JEFFERSON CITY - The state's financial picture is worse than expected Gov. Bob Holden announced Thursday, saying he would have to find an extra $250 million on top of earlier withholdings to keep this year's budget out of the red.
Holden said he was looking to withhold money from state programs, including life science grants, and tap into the state's Rainy Day Fund to come up with the needed money. The state constitution mandates that the budget, which ends June 30, must be balanced.
Officials had predicted that tax revenues would fall, but the extent of that decline is worse than originally predicted, Holden said. Poor stock market returns have led to an estimated 70 percent decline in capital gains tax collections.
Last fall, Holden withheld $536 million from state agencies due to worsening economic conditions. Thursday's announcement means that another round of belt-tightening is coming.
Holden said he was working closely with lawmakers, who are busy crafting a budget for the next fiscal year. Holden proposed using the state's Rainy Day Fund in this year to raise money, which would require a two-thirds vote of the House and Senate.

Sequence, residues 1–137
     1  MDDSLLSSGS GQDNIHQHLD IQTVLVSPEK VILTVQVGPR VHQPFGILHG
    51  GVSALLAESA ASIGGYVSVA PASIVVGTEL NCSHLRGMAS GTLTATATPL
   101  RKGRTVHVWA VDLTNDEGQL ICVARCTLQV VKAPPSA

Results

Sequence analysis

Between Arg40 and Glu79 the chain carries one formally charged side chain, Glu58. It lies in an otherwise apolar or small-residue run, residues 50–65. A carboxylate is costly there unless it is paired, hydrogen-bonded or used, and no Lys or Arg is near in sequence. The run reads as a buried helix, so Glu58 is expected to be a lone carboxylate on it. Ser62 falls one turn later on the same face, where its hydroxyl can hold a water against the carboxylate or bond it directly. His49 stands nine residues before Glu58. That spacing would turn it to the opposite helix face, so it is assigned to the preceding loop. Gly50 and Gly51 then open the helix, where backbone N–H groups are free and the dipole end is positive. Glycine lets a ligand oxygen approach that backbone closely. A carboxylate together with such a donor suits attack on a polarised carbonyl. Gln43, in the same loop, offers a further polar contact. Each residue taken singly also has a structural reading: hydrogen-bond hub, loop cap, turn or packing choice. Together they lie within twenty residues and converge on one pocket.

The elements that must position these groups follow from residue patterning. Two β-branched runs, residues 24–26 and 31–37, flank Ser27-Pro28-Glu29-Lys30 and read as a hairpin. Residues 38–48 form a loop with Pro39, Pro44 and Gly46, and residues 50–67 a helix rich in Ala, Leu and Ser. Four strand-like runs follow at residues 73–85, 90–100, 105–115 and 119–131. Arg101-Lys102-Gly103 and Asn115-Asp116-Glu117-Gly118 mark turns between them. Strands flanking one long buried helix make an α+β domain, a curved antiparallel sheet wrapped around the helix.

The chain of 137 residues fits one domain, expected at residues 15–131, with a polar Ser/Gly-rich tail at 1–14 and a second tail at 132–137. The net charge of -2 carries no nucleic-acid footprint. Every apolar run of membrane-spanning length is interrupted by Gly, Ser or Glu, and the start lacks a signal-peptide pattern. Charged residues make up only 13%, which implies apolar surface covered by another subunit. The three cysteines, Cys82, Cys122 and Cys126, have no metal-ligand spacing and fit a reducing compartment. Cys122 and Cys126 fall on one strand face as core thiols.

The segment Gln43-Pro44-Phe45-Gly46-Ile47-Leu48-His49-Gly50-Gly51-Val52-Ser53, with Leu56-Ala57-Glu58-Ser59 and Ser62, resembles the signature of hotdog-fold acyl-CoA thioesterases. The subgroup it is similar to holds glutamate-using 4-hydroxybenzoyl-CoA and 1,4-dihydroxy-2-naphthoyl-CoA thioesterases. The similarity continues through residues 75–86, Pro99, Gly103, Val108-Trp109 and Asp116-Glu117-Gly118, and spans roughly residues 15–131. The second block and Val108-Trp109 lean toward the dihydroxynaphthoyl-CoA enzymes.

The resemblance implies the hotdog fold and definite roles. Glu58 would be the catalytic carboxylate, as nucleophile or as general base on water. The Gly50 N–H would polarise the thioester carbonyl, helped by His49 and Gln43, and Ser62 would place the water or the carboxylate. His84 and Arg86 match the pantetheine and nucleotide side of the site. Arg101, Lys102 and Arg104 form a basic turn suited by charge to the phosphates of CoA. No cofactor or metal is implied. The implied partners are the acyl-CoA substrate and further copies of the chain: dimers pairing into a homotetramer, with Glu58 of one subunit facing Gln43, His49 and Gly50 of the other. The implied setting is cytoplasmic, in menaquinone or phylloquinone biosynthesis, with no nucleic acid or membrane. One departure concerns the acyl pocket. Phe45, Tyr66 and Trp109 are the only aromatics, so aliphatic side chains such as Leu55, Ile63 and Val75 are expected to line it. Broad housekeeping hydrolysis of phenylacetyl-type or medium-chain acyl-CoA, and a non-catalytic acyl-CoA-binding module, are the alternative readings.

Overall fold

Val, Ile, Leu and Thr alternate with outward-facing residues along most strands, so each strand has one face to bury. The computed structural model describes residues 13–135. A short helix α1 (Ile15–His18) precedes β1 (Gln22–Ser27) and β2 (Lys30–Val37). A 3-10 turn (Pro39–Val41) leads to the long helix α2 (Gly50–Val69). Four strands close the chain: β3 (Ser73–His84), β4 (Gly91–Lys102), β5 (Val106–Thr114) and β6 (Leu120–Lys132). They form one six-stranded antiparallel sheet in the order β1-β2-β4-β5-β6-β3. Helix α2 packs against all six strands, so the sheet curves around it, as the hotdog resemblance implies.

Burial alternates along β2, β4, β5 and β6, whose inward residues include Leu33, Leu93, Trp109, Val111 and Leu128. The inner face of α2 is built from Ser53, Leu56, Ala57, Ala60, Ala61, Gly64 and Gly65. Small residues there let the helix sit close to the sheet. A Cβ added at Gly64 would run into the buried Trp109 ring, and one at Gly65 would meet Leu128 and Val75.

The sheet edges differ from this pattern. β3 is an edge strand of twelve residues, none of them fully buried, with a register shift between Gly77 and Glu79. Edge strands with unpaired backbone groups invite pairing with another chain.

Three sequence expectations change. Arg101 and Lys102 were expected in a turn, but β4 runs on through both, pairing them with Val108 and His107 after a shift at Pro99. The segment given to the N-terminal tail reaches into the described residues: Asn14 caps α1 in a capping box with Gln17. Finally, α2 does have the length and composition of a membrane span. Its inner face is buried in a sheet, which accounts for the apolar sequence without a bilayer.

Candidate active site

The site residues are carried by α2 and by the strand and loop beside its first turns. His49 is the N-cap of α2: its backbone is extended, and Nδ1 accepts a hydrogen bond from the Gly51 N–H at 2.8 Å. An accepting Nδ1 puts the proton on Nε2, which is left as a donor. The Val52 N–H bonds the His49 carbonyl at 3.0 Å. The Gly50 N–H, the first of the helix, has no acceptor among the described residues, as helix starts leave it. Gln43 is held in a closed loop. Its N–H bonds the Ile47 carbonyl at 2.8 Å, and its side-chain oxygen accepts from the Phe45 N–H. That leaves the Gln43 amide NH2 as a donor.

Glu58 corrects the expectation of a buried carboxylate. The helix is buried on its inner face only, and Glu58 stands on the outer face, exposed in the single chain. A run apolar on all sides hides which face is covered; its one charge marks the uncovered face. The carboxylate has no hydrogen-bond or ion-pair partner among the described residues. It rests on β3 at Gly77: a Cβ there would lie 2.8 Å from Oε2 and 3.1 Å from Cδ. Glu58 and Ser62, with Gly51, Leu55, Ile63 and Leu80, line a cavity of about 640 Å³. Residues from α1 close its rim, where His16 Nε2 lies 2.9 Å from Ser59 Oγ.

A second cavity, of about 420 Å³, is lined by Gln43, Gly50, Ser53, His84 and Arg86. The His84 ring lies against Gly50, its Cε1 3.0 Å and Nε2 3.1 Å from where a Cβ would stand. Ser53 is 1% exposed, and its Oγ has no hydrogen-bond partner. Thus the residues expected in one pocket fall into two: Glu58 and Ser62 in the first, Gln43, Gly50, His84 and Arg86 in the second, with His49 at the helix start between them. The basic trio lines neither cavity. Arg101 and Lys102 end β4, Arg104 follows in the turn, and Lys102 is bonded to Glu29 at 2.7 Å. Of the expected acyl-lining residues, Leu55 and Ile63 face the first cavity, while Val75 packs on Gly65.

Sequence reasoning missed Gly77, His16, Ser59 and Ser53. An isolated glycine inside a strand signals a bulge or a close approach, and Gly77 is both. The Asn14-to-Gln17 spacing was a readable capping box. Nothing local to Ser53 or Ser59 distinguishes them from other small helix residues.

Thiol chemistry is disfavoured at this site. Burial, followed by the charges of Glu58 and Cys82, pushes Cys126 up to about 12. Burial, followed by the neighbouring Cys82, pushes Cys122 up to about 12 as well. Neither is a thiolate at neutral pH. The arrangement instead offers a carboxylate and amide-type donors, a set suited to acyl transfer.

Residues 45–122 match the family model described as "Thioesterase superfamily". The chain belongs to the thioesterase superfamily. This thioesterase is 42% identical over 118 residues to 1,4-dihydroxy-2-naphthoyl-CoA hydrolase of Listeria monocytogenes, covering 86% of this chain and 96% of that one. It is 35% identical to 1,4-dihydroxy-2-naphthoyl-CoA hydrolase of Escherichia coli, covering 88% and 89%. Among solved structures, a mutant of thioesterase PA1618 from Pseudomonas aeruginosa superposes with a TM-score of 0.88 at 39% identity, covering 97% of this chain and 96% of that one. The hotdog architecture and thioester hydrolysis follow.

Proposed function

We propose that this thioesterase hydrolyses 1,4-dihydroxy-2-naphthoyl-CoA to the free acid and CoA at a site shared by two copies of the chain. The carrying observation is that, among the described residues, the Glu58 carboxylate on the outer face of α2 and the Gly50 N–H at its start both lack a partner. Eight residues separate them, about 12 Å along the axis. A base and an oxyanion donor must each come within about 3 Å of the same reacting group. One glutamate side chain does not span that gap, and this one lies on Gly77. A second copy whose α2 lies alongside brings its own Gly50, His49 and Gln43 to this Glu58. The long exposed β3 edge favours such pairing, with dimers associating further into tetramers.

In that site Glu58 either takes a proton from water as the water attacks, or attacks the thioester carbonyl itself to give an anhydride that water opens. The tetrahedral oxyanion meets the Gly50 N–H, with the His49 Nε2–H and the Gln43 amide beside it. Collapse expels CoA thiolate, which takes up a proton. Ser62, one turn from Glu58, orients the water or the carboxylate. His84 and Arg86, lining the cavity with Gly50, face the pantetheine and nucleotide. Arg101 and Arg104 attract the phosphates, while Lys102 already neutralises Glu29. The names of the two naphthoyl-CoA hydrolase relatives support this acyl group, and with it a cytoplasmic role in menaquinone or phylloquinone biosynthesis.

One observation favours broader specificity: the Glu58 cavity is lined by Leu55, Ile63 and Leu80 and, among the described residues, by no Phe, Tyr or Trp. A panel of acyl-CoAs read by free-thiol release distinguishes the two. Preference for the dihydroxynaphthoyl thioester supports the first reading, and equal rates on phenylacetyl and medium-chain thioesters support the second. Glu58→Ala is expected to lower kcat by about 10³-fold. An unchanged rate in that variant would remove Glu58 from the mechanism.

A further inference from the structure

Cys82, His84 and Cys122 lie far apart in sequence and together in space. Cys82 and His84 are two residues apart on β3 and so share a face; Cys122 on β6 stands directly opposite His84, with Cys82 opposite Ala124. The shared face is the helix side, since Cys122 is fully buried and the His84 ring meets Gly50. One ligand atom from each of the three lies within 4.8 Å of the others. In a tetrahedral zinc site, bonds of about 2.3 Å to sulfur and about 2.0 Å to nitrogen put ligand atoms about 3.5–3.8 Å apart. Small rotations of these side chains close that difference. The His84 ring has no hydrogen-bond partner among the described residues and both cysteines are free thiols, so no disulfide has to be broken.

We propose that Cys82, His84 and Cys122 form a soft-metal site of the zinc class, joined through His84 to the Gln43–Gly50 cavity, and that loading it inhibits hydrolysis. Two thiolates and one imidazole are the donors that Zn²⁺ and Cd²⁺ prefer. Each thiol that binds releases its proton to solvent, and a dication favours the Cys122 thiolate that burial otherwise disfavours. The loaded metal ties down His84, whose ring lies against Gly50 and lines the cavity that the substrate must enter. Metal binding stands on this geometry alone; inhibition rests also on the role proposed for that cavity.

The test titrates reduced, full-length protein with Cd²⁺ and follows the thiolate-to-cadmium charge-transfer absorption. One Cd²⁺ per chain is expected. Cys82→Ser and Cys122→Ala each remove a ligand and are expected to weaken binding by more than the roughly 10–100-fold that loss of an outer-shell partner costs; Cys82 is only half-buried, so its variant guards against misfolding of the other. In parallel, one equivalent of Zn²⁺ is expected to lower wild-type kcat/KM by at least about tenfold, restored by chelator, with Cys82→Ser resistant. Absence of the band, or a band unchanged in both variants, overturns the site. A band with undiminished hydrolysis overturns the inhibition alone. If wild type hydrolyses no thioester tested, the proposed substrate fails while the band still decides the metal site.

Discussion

Lawmakers had mixed reactions to using the reserve fund, which was rejected earlier this session. House Speaker Jim Kreider, D-Nixa, said the state should borrow money to solve the crisis.
"We are going to have to use the Rainy Day Fund," Kreider said. "If it's not raining, if it's not storming, if this is not the perfect storm, I don't know what is."
However, House Minority Leader Catherine Hanaway, whose Republican caucus would be crucial for any use of reserve funds, was skeptical of Holden's plan, saying the announcement's timing was "very curious."
Hanaway said the state does have a problem and that she would work with Holden to find a solution. Borrowing from the Rainy Day Fund is not that solution, she said.
"I'm not convinced yet that the best fiscal policy is to borrow money to balance the budget," Hanaway said.
Holden said he would look to use money earmarked for building maintenance and equipment purchases as well as payments from the state's tobacco settlement. Because there are only two months left in the budget year, Holden said there is little unspent money to use.
"I'm looking at areas were there is revenue that I still can control," Holden said.
The shortfall affects the budget for this fiscal year, which lawmakers approved last spring. However the shortfall could affect negotiations for the next year's budget.
Budget director Brian Long said if lawmakers use the rainy day fund in the current year, it might not be available for next year's budget.
"If we go to the Rainy Day Fund and the General Assembly agrees in the current fiscal year, I don't believe the proposal to use it in (Fiscal Year 2003) would stand," Long said.
Holden would not say whether the fiscal crisis would mean less money for the school foundation formula, only repeating "education remains my number one priority."
Long said the university has not been identified for further cuts but didn't rule anything out.
"Everything is on the table," Long said.